New Zealand log prices saw a 14% decrease from March to April due to the lack of expected growth in China’s seasonal demand. Exporters are being held responsible for this price drop, which has made harvesting unprofitable.
In this timeframe, A-grade log prices declined from $130-$133 NZD to $112-$115 NZD, according to data provided to RNZ National by Scion, the Forest Research Institute of New Zealand. Scion gathers a quarterly log price forecast by asking various individuals to provide their perspectives on market tendencies.
Allan Laurie, Managing Director of Laurie Forestry, expressed frustration with the situation, stating, “prices must be north of $120” for harvesters to break even. He also emphasised that this predicament was predictable and preventable.
China Slowdown: Construction Boom Ends
As part of a wide-ranging interview with RNZ National, Laurie highlighted that market indicators several months ago indicated the end of China’s construction boom, suggesting that the typical seasonal consumption increase would not occur.
“Despite the fact that some of those fundamentals were working downward during the first quarter of this year, New Zealand exporters in the market were trying to push prices up,” he said.
This situation has reached a tipping point where the market has essentially signaled that it has an adequate wood supply, and sellers must now offer discounted prices on log supply.
Laurie noted that some ships were en route without contracts or letters of credit, forcing exporters to accept whatever price was offered for the logs upon arrival in China.
NZ Forest Owners Association’s Perspective
The NZ Forest Owners Association, representing all significant exporters, acknowledged that instability affects nearly all commodities in international trade. A spokesperson for the association highlighted that log prices have remained relatively stable in recent years, compared to other New Zealand exports like dairy products.
The spokesperson added, “Our exporters are accustomed to inventory disruptions in China and believe that is the case. However, the industry is well aware of the construction slowdown in China and the potential impact on demand for logs and other wood products from New Zealand.”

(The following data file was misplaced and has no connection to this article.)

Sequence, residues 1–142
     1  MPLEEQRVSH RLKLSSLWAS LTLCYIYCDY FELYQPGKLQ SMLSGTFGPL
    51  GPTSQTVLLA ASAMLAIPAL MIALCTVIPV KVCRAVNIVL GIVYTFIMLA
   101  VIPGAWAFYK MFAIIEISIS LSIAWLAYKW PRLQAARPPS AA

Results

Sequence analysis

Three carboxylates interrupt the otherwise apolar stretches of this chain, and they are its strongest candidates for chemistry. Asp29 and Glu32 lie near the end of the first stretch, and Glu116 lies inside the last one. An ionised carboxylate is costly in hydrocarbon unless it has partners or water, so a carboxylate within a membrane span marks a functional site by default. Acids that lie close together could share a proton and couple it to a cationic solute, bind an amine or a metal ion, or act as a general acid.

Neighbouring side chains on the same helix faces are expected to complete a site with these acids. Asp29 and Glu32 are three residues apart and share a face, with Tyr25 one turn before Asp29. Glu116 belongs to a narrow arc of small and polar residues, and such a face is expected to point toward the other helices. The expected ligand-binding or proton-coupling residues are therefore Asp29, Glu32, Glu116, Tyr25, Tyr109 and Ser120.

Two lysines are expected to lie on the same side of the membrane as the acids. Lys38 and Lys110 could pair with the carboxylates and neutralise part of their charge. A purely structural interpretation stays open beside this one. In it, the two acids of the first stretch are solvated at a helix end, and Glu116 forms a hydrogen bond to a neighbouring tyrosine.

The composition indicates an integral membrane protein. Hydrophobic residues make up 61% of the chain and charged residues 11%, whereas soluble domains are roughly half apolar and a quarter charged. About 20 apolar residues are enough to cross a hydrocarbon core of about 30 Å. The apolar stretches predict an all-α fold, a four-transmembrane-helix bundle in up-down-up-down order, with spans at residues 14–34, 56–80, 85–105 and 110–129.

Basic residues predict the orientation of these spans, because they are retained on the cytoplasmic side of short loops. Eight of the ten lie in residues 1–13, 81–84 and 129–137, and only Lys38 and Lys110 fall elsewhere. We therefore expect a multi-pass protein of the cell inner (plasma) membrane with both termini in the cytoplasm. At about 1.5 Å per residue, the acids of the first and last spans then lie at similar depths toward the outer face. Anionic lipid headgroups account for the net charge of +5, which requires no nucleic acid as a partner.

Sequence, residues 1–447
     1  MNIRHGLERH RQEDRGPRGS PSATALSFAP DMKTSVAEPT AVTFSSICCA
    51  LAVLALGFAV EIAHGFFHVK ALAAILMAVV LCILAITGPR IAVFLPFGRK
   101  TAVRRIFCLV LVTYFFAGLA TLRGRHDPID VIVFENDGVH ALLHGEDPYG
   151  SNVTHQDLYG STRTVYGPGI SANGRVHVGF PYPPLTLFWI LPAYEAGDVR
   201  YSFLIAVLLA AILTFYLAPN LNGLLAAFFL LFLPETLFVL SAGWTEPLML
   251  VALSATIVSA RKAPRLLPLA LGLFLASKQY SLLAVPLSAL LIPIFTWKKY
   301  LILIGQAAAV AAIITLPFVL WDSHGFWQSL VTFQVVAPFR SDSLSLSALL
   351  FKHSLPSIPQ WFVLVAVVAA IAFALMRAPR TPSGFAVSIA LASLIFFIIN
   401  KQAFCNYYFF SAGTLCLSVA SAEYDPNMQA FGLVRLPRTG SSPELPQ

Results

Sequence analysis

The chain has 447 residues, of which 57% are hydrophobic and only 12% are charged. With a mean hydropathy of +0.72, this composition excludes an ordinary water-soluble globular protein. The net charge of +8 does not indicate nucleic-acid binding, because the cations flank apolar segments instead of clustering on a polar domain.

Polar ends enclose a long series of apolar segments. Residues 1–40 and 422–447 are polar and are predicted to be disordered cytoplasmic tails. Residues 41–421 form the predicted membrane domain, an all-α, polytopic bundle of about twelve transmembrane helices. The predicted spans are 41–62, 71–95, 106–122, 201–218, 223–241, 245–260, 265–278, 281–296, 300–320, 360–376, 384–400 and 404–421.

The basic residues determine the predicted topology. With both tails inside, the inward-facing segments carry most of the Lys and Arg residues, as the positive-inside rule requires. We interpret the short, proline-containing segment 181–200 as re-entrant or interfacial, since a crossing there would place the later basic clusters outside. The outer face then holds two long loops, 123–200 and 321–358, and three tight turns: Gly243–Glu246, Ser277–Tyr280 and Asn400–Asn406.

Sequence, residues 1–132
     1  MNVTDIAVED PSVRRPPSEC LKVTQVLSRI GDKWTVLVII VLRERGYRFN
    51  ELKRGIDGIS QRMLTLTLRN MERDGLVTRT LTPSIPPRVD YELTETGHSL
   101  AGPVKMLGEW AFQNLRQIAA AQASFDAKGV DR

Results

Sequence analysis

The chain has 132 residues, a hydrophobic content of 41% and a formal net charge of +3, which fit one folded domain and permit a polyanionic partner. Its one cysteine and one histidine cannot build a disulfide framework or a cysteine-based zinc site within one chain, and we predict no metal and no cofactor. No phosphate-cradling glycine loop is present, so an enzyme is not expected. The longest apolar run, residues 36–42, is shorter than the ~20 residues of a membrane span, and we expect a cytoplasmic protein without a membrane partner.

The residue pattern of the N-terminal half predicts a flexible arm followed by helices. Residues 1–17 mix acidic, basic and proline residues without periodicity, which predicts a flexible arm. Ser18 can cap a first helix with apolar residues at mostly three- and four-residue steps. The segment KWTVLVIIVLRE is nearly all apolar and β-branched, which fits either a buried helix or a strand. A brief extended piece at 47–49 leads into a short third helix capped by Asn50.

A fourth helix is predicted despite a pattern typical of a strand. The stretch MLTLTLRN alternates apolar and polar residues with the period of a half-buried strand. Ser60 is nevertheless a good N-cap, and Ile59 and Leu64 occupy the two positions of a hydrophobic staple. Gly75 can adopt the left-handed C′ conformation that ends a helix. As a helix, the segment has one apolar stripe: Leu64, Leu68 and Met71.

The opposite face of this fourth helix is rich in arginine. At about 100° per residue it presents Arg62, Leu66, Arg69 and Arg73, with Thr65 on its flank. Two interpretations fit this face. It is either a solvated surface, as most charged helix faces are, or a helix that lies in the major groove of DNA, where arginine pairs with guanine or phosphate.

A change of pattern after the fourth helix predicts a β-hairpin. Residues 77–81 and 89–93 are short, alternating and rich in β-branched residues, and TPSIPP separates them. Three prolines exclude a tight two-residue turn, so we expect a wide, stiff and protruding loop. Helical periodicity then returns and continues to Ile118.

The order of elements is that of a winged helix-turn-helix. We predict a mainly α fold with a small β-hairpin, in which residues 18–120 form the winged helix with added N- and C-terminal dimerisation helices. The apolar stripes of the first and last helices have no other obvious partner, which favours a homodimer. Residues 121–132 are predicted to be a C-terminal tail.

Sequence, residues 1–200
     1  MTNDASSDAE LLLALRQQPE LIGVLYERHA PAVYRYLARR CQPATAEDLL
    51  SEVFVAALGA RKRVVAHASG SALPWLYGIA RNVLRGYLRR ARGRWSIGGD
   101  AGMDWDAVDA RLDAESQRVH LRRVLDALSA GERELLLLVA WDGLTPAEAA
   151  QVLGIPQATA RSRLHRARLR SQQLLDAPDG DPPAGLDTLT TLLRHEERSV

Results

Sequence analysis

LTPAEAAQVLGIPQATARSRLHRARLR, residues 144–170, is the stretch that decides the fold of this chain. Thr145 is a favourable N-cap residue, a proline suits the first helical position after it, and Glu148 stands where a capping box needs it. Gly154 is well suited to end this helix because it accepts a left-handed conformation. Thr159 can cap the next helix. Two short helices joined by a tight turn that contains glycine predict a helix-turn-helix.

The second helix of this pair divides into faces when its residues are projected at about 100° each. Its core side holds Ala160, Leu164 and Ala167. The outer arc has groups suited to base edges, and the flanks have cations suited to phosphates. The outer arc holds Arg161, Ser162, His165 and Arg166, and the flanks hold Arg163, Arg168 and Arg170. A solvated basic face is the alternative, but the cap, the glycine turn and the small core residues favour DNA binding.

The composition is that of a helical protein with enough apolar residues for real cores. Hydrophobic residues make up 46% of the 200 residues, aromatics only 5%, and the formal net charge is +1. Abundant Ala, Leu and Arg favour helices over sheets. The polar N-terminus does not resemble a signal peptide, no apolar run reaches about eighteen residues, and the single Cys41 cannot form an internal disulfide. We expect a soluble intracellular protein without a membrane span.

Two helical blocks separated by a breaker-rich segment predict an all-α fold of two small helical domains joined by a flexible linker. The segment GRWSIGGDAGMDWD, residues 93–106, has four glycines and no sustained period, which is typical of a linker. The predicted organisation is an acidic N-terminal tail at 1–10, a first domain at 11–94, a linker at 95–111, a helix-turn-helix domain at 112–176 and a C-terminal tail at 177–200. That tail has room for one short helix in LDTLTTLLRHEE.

In January 2021, the NZ government signed an upgraded free trade agreement with China. Then-NZFOA President Phil Taylor welcomed the announcement, emphasizing that the NZ forest products industry heavily depended on the Chinese market, which accounted for 10% of China’s imported demand (equivalent to $3.3 billion NZD).
This leads to the question: Did the NZ industry overly concentrate on the Chinese market, potentially neglecting opportunities in other markets?
Forest Owners Should Consider Shutting the Gates
The drop in demand has driven prices to a point where forest owners might need to think about shutting down operations.
According to Laurie, suggesting that a forester continues harvesting when prices are considerably lower than needed for a reasonable return is impractical.
As a result, navigating difficult conversations with contractors becomes necessary to find solutions that can keep people working.
Maintaining a more realistic price in the market and ensuring a stable pricing situation in New Zealand could have prevented the current peaks and troughs.
“We should have maintained a much more realistic price in the market and had a stable price situation in New Zealand, [then] we wouldn’t see these peaks and troughs that we’re currently seeing.”
Holistic Approach with Contractors and Forest Owners
Taking contractors and forest workers more into account is essential, as a holistic approach can ensure stability and offer good job opportunities to New Zealanders while addressing the anxiety caused by market fluctuations.
Laurie recommends “a sit-down review amongst key players” to implement a strategic approach to “scour the planet for more markets.”
Diversifying into New Markets – India and Europe Beckon
Though a lower-priced and challenging market, Laurie identified India as a potential market. However, Europe perhaps presents the greatest opportunity for NZ’s radiate pine.
“Europe is a standout. We’re seeing significant reductions in harvest across Europe of the softwood species, and that must be destined to continue. So we should be looking for opportunities in Europe also.”
Whether it’s the European Spruce Bark Beetle Infestation, forest degradation caused by climate-related impacts in central and eastern Europe, or the ongoing war in Ukraine, NZ is acutely positioned to service the demand for softwood structural timbers.